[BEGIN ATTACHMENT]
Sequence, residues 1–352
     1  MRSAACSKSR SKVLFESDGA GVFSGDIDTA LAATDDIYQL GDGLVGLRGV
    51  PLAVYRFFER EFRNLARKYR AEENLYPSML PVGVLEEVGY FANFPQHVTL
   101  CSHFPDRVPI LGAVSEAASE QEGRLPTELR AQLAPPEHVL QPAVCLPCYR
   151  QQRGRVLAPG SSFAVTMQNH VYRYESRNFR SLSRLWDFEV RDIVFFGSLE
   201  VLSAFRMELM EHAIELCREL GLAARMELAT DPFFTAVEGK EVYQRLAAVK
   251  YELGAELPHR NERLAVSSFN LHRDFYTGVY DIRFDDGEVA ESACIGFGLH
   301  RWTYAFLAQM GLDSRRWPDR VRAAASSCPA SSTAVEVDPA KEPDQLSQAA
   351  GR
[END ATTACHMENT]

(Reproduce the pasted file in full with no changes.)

Sequence, residues 1–352
     1  MRSAACSKSR SKVLFESDGA GVFSGDIDTA LAATDDIYQL GDGLVGLRGV
    51  PLAVYRFFER EFRNLARKYR AEENLYPSML PVGVLEEVGY FANFPQHVTL
   101  CSHFPDRVPI LGAVSEAASE QEGRLPTELR AQLAPPEHVL QPAVCLPCYR
   151  QQRGRVLAPG SSFAVTMQNH VYRYESRNFR SLSRLWDFEV RDIVFFGSLE
   201  VLSAFRMELM EHAIELCREL GLAARMELAT DPFFTAVEGK EVYQRLAAVK
   251  YELGAELPHR NERLAVSSFN LHRDFYTGVY DIRFDDGEVA ESACIGFGLH
   301  RWTYAFLAQM GLDSRRWPDR VRAAASSCPA SSTAVEVDPA KEPDQLSQAA
   351  GR